How do organisms cope with long periods of tough conditions where regular life is impossible? How do some animals turn down their metabolism to levels so low that they can appear dead? How do animals emerge from such deep, low activity states? In this episode of Big Biology, we talk with Jason Podrabsky, a professor of biology at Portland State Uni…
 
Can selection act on ecosystems, societies, or planets such that some persist and others disappear? Must such systems reproduce to evolve? On this episode of Big Biology, we talk to Tim Lenton, Director of the Global Systems Institute (@GSI_Exeter) and a Professor of Climate Change and Earth System Science at the University of Exeter. In his 2021 T…
 
Are genes the prime movers in evolution, or is causality distributed across multiple levels of organization? What role do organisms play in evolution? Could organismal agency, the propensity to respond actively to selective forces, affect standard evolutionary theory? On this episode, we talk with Denis Walsh, a professor and philosopher of biology…
 
What is CRISPR? Who are the key players behind its discovery? And what does it mean for science both now and in the future? On this episode of Big Biology, we talk to renowned author Walter Isaacson (@WalterIsaacson) about his new book, Code Breaker: Jennifer Doudna, Gene Editing, and the Future of the Human Race. We break down the rich history of …
 
Why are some corals more resilient to bleaching than others? How should we leverage genetic and epigenetic information to conserve coral diversity? On this episode of Big Biology, we talk with Hollie Putnam (@HolliePutnam), a professor at the University of Rhode Island, about threats to coral reefs and the steps she and her colleagues are taking to…
 
What can modern hunter-gatherer societies teach us about human energy budgets? What misconceptions do we have about weight loss and weight management? Are there limits to human endurance? On this episode, we talk with Herman Pontzer (@HermanPontzer) of Duke University. We discuss his new book Burn, in which he examines -- and in some cases overturn…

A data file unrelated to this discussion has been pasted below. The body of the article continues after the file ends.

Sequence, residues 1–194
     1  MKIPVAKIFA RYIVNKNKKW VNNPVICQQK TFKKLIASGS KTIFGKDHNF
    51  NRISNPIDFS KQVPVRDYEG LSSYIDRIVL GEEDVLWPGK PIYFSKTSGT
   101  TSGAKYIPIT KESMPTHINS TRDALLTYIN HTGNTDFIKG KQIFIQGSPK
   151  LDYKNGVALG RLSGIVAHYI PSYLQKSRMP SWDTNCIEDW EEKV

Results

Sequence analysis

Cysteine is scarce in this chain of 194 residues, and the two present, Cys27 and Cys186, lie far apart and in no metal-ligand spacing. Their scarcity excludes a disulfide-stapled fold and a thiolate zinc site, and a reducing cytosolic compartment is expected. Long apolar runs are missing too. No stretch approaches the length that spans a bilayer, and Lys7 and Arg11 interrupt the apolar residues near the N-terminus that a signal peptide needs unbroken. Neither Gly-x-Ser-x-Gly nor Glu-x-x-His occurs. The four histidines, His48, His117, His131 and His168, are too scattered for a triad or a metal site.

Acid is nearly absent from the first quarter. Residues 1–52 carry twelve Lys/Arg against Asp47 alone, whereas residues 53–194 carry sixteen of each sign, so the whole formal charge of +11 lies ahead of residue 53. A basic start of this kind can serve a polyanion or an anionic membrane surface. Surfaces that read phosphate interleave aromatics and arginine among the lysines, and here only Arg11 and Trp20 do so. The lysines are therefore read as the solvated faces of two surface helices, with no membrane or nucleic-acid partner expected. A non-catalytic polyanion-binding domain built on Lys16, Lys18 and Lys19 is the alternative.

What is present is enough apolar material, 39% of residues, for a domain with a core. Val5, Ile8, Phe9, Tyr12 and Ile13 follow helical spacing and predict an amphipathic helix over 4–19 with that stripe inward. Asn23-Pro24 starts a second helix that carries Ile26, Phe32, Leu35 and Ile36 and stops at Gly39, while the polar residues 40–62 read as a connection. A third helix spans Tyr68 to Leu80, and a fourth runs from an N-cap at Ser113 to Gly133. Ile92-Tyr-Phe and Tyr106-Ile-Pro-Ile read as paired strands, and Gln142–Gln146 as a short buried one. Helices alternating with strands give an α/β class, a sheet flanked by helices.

How did vocal learning evolve? What is special about human language? What brain structures are associated with speech and the many components of spoken language? On this episode, we talk with Erich Jarvis (@erichjarvis), a professor at Rockefeller University, about the neurobiology of vocal communication. Erich’s ideas draw on the amazing breadth o…
 
What is coevolution? How has coevolution between insects and plants shaped human history and culture? In this episode of Big Biology, we talk with Rob Raguso, a professor at Cornell University, who studies insect-plant interactions. Rob discusses his work on diffuse coevolution between night blooming flowers and their long-tongued hawk moth pollina…
 
Why are bee populations declining? How can we reliably monitor insect populations when many are so cryptic? And what steps can we take to ensure that populations remain viable? In this episode, we talk with Dave Goulson (@DaveGoulson), a professor of biology at the University of Sussex. Dave studies the ecology and conservation of insects, particul…
 
We are jumping into the podcast feed with a few quick updates. We’re revamping our Patreon tier system to give you more Big Biology content. We also created a Facebook group where you can discuss Big Biology episodes with other fans and we're starting to upload transcripts for select episodes on BigBiology.org. Become a Patron: https://www.patreon.…
 
On this episode of Big Biology we talk to Christine Cooper (@CECooperEcophys), a vertebrate ecophysiologist and professor at Curtin University, Australia. Christine’s research focuses on the thermal, metabolic, and water physiology of Australian mammals and birds. Her recent research, published in the Journal of Experimental Biology (a sponsor of t…
 
What is a germ cell and why do animals separate germ and soma (body) cells at all? What molecules determine whether cells become germ or soma, and are some such mechanisms products of horizontal gene transfer? On this episode of Big Biology, we talk with Cassandra Extavour, an evolutionary developmental biologist at Harvard who studies the how's an…